Ever since I had a consultation with a person who specializes in essential oils, I’ve been thinking about my intestines. Of course, it came right after a colonoscopy…which forced me to think about my intestines as I watched them on the screen.
According to the results of colonoscopy the interior lining of my intestines are in good shape. According to the Zyto-scan that the essential oils person did with me, my microbiome is in equally good shape. I feel more sure of the first result, as seeing is believing. The second result is one that fits with my experience, which is that my intestines are in much better shape than they were earlier in this long-term attempt at healing my body, as long as I keep supplying them from time to time with probiotic foods.
But the interior lining and the microbial colonies that live along it are only a small portion of my intestines. The gastroenterologist made a comment that my intestines are very “wiggly.” (Technical term?) Apparently this not only makes it harder to maneuver the flexible scope tube to reach all the way to the appendix, but it can also generate constipation. I’ve interpreted “wiggly” to mean that my intestinal musculature is very active, not just in peristalsis but in other more random motions as well. This is not news.
About 12 years ago, I had to get a pelvic ultra-sound to diagnose a cyst on one of my ovaries. The radiologist commented that my intestines, which appeared at the periphery of the image, were more active than any other intestines she’d seen. This is one of my ongoing issues.
In the recent past, I’ve come to the conclusion that the Bartonella infection is behind the excessive movement. Beyond the lining of the colon and the muscles which keep nutrients and waste moving towards the exit, the digestive tract contains a huge concentration of autonomic nerves. Those nerves are the ones that seem most strongly affected by the Bartonella infection, and in a way that helps me keep track of progress, by the Bartonella herxes.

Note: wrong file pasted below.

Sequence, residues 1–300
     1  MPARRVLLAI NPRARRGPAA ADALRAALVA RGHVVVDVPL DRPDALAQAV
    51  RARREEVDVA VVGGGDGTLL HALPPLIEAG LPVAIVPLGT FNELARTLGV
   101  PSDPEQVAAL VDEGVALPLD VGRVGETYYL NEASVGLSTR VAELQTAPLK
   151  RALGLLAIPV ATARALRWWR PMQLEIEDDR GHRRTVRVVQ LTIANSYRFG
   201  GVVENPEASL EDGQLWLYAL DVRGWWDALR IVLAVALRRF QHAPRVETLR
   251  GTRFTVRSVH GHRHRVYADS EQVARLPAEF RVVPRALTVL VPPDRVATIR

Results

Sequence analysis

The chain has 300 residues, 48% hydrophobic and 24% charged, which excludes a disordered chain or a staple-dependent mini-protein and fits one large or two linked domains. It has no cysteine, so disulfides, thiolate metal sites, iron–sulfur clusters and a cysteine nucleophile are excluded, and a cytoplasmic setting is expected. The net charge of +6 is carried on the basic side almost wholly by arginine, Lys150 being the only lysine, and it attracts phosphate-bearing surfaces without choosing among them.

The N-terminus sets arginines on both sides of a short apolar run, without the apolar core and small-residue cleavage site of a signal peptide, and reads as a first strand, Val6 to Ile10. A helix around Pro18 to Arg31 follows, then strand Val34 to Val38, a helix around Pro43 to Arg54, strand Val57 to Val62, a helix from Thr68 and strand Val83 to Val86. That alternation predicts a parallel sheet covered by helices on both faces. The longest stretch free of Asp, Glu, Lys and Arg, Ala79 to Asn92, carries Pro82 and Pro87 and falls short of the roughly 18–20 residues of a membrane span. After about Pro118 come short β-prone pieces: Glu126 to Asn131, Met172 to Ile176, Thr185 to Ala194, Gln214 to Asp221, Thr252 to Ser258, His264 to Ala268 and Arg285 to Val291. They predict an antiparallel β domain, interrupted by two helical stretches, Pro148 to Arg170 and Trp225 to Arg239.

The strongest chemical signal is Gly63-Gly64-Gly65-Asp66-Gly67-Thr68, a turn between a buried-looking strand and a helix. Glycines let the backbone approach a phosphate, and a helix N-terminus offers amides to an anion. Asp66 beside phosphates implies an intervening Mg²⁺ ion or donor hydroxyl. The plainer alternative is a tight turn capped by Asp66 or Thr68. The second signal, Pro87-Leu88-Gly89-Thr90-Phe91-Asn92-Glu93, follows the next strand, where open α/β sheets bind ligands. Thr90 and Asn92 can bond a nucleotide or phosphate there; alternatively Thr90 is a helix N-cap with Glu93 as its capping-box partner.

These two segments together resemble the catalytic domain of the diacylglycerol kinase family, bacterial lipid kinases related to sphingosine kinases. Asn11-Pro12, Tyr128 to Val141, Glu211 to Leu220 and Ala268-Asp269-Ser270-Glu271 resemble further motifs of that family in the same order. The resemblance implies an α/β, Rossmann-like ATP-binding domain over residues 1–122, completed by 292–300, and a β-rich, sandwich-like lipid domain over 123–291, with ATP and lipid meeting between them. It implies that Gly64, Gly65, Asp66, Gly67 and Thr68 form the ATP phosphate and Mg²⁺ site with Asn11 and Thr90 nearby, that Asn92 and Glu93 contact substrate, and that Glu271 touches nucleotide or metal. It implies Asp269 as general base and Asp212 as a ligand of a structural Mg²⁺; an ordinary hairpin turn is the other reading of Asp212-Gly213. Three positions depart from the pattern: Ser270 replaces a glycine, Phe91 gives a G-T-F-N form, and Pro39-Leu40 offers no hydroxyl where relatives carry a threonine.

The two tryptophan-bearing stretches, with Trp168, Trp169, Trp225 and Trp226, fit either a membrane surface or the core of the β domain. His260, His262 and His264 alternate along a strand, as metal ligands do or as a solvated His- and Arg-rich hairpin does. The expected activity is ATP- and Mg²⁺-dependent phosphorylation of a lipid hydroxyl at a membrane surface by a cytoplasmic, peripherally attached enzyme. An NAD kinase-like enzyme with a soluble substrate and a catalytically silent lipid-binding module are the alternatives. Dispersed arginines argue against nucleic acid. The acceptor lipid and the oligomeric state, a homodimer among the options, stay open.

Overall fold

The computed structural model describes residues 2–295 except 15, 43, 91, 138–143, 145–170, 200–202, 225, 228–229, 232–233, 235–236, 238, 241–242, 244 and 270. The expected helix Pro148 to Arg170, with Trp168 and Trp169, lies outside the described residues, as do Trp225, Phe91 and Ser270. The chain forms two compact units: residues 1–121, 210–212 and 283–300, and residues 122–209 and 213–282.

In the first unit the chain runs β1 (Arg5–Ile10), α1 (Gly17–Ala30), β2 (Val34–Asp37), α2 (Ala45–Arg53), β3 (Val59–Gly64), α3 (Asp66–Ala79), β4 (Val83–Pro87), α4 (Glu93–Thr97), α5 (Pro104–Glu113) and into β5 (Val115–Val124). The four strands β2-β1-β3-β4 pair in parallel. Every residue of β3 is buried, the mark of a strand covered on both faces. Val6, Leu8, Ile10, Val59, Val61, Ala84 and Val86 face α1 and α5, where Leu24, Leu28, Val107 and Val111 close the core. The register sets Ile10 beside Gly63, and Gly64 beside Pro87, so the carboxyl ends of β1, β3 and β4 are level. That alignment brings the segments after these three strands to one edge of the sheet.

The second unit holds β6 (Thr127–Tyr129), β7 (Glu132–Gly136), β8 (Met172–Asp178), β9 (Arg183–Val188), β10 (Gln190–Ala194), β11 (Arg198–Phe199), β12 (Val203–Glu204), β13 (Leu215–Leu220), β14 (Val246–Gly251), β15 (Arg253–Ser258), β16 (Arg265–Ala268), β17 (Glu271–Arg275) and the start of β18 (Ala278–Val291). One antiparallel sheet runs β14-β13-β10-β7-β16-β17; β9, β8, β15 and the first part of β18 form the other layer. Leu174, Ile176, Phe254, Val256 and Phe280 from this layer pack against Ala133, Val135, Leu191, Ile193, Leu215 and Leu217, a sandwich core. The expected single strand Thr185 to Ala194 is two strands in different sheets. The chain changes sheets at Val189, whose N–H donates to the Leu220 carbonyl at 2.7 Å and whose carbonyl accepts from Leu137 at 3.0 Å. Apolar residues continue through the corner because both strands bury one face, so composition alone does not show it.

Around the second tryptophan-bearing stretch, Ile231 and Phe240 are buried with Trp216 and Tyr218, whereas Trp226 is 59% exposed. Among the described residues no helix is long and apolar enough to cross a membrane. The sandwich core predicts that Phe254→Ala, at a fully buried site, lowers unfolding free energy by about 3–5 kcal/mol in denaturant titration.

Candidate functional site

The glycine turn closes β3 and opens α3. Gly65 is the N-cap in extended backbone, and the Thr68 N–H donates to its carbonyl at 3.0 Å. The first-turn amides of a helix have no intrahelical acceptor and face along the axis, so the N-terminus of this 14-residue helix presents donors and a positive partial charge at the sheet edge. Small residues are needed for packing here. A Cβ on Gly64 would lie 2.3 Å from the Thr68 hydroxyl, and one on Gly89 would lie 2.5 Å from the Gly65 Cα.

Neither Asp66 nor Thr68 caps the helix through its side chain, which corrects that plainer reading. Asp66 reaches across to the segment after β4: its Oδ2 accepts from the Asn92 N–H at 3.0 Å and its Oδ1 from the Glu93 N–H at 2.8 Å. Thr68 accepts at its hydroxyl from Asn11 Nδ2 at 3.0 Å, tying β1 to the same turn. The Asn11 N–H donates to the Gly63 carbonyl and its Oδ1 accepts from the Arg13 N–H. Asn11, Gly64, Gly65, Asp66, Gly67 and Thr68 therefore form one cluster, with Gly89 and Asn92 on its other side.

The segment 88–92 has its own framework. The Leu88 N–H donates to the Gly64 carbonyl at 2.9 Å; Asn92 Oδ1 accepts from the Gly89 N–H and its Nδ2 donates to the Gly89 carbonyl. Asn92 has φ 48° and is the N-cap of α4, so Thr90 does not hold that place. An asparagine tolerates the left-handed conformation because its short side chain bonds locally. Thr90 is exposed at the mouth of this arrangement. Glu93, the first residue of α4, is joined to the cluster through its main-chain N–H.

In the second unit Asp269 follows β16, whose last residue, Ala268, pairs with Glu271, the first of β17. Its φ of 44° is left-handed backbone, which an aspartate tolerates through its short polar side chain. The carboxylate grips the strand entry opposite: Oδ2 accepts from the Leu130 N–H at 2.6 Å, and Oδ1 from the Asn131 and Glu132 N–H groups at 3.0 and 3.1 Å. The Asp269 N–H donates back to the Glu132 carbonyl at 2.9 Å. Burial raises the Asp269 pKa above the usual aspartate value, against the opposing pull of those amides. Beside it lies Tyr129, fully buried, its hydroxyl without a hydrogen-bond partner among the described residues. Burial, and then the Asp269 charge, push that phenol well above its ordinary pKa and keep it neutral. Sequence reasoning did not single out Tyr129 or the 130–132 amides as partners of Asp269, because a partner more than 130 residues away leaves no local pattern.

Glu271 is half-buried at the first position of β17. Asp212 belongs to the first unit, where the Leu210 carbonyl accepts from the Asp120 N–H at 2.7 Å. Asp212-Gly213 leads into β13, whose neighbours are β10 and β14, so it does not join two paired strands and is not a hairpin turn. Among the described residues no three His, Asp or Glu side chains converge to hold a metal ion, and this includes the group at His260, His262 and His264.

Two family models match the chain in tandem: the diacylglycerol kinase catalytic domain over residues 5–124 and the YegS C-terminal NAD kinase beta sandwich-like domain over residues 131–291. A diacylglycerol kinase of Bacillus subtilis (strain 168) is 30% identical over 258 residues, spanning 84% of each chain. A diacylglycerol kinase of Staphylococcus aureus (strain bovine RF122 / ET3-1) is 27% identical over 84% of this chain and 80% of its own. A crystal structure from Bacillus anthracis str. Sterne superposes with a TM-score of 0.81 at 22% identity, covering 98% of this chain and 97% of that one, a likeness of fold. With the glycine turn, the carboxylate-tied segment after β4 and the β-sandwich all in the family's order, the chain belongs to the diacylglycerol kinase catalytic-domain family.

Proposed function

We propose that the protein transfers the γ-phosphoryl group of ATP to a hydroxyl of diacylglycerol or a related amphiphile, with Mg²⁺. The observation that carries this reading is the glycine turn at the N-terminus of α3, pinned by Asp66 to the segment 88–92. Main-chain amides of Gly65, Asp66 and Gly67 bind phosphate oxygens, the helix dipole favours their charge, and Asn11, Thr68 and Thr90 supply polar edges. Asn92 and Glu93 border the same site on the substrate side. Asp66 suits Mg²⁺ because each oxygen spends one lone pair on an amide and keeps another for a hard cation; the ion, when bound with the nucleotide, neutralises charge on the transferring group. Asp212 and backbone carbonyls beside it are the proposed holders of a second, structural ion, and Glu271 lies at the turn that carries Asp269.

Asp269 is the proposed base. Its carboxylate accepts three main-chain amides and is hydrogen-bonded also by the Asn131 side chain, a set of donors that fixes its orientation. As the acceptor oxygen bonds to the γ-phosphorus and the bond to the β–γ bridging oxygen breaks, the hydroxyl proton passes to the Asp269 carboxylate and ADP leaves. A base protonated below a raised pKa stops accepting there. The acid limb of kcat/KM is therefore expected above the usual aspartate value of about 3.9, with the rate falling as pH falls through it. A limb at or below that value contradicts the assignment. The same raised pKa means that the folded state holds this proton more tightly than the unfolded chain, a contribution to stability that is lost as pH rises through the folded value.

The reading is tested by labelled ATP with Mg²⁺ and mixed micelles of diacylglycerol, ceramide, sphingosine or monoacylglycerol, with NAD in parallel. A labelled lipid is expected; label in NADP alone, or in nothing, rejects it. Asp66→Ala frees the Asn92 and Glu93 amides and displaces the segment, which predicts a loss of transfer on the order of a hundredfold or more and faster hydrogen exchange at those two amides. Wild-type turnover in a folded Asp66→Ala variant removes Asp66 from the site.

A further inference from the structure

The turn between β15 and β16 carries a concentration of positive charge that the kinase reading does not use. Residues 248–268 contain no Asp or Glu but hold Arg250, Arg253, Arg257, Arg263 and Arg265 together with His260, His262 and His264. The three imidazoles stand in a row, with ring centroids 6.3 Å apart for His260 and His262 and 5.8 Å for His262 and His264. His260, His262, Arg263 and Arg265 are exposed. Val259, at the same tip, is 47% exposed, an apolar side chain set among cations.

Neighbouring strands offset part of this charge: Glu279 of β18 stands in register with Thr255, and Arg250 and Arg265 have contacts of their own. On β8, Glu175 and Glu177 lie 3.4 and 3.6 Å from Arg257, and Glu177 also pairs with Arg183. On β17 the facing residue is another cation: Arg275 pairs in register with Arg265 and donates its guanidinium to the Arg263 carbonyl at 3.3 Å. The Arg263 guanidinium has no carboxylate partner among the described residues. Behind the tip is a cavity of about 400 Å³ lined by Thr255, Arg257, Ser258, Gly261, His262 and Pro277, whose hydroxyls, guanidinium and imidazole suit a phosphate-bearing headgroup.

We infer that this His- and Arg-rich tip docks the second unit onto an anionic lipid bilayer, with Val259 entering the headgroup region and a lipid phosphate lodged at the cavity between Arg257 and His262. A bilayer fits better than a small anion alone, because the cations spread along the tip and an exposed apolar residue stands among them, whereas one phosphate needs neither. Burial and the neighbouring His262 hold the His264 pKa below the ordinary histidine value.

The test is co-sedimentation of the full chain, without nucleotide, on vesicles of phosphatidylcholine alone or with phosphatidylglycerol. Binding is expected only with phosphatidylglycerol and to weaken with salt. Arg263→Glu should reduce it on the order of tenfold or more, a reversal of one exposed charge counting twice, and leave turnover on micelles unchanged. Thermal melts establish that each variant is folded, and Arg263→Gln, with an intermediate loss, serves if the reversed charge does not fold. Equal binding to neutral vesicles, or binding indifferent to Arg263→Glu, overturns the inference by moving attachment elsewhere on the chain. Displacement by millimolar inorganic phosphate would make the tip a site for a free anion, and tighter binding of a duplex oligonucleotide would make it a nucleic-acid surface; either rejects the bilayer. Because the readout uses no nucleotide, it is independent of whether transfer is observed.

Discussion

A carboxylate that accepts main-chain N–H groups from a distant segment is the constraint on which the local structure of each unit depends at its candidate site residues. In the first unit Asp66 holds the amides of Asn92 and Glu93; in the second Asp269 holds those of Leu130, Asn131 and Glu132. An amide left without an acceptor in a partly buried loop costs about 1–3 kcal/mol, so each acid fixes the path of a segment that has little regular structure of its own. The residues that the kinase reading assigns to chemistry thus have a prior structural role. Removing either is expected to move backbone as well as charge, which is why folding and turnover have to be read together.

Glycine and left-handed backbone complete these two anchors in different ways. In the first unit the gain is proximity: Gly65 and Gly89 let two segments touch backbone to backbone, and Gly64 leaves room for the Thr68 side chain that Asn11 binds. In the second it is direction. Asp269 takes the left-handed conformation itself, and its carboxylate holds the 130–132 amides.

The question is whether getting rid of the infection is enough to heal my intestines. Do I also have to do something extra to help heal the entire collection of intestinal organs? I don’t yet know the answer. For now, I’m trying a much lower dose of the essential oils, which are a mixture of a variety of oils, but primarily black pepper essential oil. As I’ve read about it, one of its primary healing properties has to do with the intestines. It hasn’t helped yet. But I’m willing to wait.
By comparison, I’ve come to the conclusion that the traditional Chinese herbs I took in January for my kidneys has helped them heal significantly. Now, several months later, my kidneys are much slower to become painfully irritated, and the pain level remains much lower. Beyond coiling, I needed to do something to assist their healing process. I remain open to the possibility that my intestines will need help as well.
After a rough start with the essential oil mixture, I’ve discovered that a little bit is plenty. My first dose involved covering the soles of my feet with the oil. It was WAY TOO MUCH. I had side effects: I was jacked up and couldn’t sleep. It was like drinking three cans of cola before bed. In fact, I think it took close to three days for the feeling of overstimulation to finally dissipate.
I’ve reduced and reduced the dose until I now put the oil on a little spot near each elbow, on a large intestines acupuncture point. No more side effects. Instead of wired, I’m very tired. (More on that below…) If anything, my intestines have been all over the place with cramps, gas, diarrhea, constipation and random pains. If I could attribute this to the essential oil, I would say that it is shaking up the status quo. Of course, I’m not sure this is all from the essential oil, it could be from coiling after my sugar binge.
Ever since the sugar binge, I haven’t wanted to coil. That doesn’t stop me from coiling at least twice a day. Yet I find myself wanting to do anything other than coiling. In practice, this means that once I stopped coiling the rest of my body for Bartonella, and instead focused on my central nervous system, I’ve only been coiling twice a day.